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Weather overview and short-term outlook to Wednesday 07 October 2020

Weather overview and short-term outlook to Wednesday 07 October 2020

Visual. Ensemble of model predictions for a shift in the Indian Ocean Dipole.

Source: Australian Bureau of Meteorology.

Recent Developments.

A popular misconception has been doing the rounds this week. The spate of cooler weather over the southern half of Namibia was ascribed to the cold front passing the Cape, but it is not true.

As could be seen on the twice-daily synoptic charts of the South African Weather Service, the cold front passed the Cape already the previous weekend, followed by the bulk of the migrating South Atlantic high pressure cell. Then around Tuesday this week, a so-called cut-off low started developing over the sea and land area some 300 km north of Cape Town. This cyclonic circulation was far more pronounced at the 500 mB level (18,000 feet) than on the surface but it did have some effect in the lower strata.

The most important for us was that the northern rim of the cut-off low advected cold, moist air from the Atlantic into the Northern Cape and southern Namibia bringing precipitation to large areas at or near the Orange River Valley. This could be observed by the fact that it rained about 10 mm in Oranjemund and Rosh Pinah but not a drop in Lüderitz and Aus, only some 160 km further north.

This late rain in the south resulted in a phenomenon that happens only very, very rarely, perhaps once in 20 years. While the far south enjoyed some late winter rain on Wednesday and Thursday, it also rained in Kavango East albeit of lesser intensity. Areas east of Rundu up to about 50km into Bwabwata recorded intermittent light showers of anything between 1mm and 5mm. It is really a mix-up of the seasons when it rains on the same day in the north and in the south.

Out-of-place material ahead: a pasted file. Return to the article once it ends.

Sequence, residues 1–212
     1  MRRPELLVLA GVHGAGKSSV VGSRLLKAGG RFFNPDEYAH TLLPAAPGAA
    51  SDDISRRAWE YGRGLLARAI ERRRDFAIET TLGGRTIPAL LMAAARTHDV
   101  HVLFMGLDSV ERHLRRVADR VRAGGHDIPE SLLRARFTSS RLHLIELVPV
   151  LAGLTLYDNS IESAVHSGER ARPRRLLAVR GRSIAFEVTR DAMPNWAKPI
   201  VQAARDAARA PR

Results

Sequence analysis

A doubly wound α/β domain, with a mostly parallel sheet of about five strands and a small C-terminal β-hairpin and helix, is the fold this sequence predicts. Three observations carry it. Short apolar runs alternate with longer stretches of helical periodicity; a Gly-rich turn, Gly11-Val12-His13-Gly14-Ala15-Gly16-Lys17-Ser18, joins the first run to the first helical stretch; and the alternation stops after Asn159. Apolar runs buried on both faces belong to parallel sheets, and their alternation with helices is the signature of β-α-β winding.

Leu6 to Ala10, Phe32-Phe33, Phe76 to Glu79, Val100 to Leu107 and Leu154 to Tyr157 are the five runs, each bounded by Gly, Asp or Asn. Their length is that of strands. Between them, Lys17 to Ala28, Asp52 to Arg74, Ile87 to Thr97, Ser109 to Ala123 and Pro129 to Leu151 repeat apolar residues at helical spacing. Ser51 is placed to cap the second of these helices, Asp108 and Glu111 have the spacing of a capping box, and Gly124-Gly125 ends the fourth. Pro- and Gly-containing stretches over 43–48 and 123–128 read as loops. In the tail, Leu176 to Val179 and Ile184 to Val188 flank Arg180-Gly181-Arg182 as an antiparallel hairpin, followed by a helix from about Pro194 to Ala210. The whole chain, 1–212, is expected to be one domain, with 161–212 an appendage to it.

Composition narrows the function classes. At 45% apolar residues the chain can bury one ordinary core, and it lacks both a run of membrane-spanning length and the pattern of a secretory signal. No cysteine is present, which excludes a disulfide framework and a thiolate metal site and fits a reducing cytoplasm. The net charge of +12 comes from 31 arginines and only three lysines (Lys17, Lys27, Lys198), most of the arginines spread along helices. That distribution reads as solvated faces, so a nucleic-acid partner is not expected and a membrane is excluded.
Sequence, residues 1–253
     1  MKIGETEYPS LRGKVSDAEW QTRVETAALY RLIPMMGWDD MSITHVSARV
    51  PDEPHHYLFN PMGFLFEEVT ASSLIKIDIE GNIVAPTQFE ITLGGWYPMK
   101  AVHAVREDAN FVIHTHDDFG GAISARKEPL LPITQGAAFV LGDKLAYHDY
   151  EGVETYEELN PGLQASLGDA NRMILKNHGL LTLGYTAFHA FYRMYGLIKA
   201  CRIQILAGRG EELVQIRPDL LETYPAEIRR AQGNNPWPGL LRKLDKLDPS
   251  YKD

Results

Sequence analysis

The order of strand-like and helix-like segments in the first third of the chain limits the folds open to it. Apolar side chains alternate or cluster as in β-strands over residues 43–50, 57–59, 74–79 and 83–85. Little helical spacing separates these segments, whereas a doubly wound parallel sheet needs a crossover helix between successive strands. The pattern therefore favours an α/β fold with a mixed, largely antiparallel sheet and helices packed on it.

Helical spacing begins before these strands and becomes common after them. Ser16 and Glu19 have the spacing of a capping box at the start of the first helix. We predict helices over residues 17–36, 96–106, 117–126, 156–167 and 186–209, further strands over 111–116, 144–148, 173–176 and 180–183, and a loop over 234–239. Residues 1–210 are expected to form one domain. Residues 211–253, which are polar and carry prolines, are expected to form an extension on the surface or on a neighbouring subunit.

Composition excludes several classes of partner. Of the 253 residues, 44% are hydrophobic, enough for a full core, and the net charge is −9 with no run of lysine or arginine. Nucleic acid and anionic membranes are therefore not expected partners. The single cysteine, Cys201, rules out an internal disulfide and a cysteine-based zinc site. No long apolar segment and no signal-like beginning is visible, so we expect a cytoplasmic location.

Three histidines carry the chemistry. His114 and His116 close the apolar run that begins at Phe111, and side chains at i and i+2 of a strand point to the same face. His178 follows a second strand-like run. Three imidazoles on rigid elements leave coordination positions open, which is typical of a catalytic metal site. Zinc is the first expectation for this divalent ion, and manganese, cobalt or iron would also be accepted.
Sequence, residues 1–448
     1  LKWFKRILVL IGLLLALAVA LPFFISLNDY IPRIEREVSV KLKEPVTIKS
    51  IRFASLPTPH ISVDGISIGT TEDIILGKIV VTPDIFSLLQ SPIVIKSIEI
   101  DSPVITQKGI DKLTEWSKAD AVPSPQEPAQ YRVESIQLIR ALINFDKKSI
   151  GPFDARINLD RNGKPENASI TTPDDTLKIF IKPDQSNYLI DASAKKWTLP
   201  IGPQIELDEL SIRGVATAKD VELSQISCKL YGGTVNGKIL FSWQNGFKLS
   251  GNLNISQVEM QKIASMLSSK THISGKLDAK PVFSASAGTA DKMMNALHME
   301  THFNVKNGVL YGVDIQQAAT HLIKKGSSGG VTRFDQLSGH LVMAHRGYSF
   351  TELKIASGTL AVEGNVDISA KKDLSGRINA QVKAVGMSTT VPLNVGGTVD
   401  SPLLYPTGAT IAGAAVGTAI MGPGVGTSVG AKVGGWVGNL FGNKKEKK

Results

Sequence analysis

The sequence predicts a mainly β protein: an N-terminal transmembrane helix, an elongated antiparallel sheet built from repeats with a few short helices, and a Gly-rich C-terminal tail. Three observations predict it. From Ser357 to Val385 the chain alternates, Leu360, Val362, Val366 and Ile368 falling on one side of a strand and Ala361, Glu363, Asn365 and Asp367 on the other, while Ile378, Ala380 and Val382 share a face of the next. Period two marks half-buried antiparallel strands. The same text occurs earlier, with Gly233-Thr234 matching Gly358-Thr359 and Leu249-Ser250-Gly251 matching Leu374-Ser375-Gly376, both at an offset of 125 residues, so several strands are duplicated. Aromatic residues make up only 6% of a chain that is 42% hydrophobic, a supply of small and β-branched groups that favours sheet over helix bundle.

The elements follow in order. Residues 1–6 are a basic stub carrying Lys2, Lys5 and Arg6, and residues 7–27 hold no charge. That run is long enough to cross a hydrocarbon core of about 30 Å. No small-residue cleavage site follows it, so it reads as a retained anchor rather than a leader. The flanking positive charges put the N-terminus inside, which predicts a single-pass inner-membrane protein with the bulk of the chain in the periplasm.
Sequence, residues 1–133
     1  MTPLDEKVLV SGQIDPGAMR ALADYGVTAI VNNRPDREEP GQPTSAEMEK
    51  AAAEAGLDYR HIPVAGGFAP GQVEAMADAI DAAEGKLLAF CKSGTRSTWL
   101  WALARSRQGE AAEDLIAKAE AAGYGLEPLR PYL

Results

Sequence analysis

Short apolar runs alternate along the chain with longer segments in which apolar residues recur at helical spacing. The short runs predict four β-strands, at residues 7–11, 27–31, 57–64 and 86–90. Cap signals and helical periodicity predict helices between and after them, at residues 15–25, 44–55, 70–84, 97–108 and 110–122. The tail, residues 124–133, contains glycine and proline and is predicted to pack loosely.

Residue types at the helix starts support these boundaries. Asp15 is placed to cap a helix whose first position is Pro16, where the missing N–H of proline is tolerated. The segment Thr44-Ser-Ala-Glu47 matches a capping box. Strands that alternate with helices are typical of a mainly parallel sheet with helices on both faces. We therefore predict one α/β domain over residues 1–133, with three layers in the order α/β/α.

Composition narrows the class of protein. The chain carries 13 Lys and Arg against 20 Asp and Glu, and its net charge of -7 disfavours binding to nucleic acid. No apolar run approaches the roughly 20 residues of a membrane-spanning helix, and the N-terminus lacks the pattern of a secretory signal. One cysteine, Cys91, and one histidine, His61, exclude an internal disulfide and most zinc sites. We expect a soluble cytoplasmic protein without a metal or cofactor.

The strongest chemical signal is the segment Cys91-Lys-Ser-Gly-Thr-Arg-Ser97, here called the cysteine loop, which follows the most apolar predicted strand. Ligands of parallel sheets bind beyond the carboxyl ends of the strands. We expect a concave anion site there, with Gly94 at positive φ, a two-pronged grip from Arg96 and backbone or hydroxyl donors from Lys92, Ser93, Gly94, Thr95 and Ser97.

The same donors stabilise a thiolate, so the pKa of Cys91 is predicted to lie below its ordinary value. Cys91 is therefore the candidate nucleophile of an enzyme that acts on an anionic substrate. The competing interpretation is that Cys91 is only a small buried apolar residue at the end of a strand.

This week’s visual shows the outlook for the so-called Indian Ocean Dipole, an oceanographic event that affects the weather in Malaysia, Australia and Indonesia, as well as the east coast of Africa. The visual shows that the Ozzie met expects the dipole to become briefly negative during November before reverting to neutral and then possibly to positive.

The Indian Ocean Dipole describes the relationship between the sea surface temperatures in the western and eastern Indian Ocean respectively. When the western part (off the African coast) is warmer, the dipole is positive. This implies colder water closer to Australia. When the opposite happens (colder near Africa, warmer near Australia), it is negative.

This is just an academic convention and has nothing to do with either positive or negative expectations for Africa or Australia.

Sadly for us, the Indian Ocean Dipole is not investigated much by local scientists, other than some cursory work in South Africa and some good work in Mauritius.

What it means for Namibia in practise is that a negative dipole (cooler near Africa) retards the onset of the rainy season in eastern and central Africa and since our summer moisture comes from the DRC, Angola and Zambia, rainfall prospects are not that good when the dipole is negative. How it actually develops over the next three months, we will have to wait and see.

On the Radar

Overall conditions for the entire country revert to a normal early summer pattern with cooler temperatures in Hardap and Karas while the northern regions will continue to be very hot.

A significant disturbance in the mid-level atmosphere moves in from the Atlantic during the weekend where it should encounter the anti-cyclonic circulation over the interior. Consequently, a convergence zone forms during Sunday night and there is a slight chance for some light rain in the south but this time in the eastern section of the Karas region.

As the mid-level trough develops in strength and extent, the convergence zone extends from the Angolan border to around the Kgalagadi Transfrontier Park. On Tuesday there is a somewhat improved rain probability along the Botswana border and into Kavango East.

By Wednesday, the mid-level trough has shifted to the east with Bwabwata and the Caprivi directly in its path. There is a reasonable chance for light precipitation in these two areas.


About The Author


In Memoriam. The weekly weather column is compiled by the editor in honour of the legacy of John Olszewski, the widely respected and well-known weatherman of Namibia. After writing the weather column for more than twelve years, he has left an indelible mark at the Economist, and the technical ability among the editorial staff to "read" the maps that he so often consulted. - Ed.